Florida brings battle over social media regulation to the Supreme Court

Florida’s attorney general on Wednesday asked the Supreme Court to decide whether states have the right to regulate how social media companies moderate content on their services, a move that sends one of the most controversial debates of the internet age to the country’s highest court.

In its petition, the state asks the court to determine whether the First Amendment prohibits a state from requiring that platforms host certain communications and also whether the states can require companies to provide an explanation to users when they remove their posts. The petition sets up the most serious test to date of assertions that Silicon Valley companies are unlawfully censoring conservative viewpoints.

Read Florida’s filing for a Supreme Court hearing

The decision could have wide-ranging effects on the future of democracy and elections, as tech companies play an increasingly significant role in disseminating news and information about politics. Critics of the state social media laws and tech industry representatives also warn that if the Florida law were to take effect, it could lead to a torrent of hate speech, misinformation and other violent content that some major social media companies’ policies currently prohibit.

Appeals court upholds Texas law regulating social media moderation

The petition is a response to a decision by the U.S. Court of Appeals for the 11th Circuit earlier this year that major provisions of a Florida social media law violated the Constitution’s First Amendment. The law would bar companies from banning politicians from their services.

The Florida attorney general incorporated in the petition a recent conservative victory in the U.S. Court of Appeals for the 5th Circuit, which upheld a Texas law that bars companies from removing posts based on a person’s political ideology. The Florida petition says the circuit courts’ decisions are in conflict, and the Supreme Court must resolve those differences. Florida attorney general Ashley Moody did not immediately respond to a request for comment.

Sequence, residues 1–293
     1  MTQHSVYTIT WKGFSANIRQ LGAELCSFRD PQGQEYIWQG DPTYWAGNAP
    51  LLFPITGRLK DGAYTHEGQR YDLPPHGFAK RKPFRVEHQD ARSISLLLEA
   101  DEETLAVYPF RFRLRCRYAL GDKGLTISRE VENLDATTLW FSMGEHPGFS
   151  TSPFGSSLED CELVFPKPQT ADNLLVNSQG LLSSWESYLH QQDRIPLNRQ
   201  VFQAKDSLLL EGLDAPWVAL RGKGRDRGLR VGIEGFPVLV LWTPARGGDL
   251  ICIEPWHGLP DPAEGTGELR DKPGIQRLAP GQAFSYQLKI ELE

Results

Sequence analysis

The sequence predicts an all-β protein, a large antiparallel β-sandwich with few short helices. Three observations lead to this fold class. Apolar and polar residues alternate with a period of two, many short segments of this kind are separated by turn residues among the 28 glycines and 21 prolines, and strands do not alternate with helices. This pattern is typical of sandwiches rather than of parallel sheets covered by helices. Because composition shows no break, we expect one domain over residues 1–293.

The legal battle over the Florida law began in May 2021, when Netchoice and the Computer & Communications Industry Association, two industry groups representing major social media companies, filed a lawsuit to block the law from taking effect. The tech companies scored major victories when a federal judge in June of last year blocked the law from taking effect and then when the 11th Circuit upheld much of that ruling. The tech companies say they believe they will see a similar outcome in the Supreme Court.

“We agree with Florida that the U.S. Supreme Court should hear this case, and we’re confident that First Amendment rights will be upheld,” Netchoice vice president and general counsel Carl Szabo said in a statement. “We have the Constitution and 200 years of precedent on our side.”

Any court decision would have consequences that stretch far beyond Florida, as more than 100 bills related to social media content moderation have been introduced in state legislatures across the country, according to a July analysis from CCIA. Many of the state legislatures have already recessed until 2023, and they are closely watching how the litigation over the Florida and Texas laws resolves.

Though the first social media content regulation laws were passed in conservative states, liberal states are now following with legislation to force more transparency on how the companies respond to threatening and hate speech. Any decision on states’ First Amendment power to regulate how companies police their platforms could have implications for those bills as well.

This is a developing story. Check back for updates.

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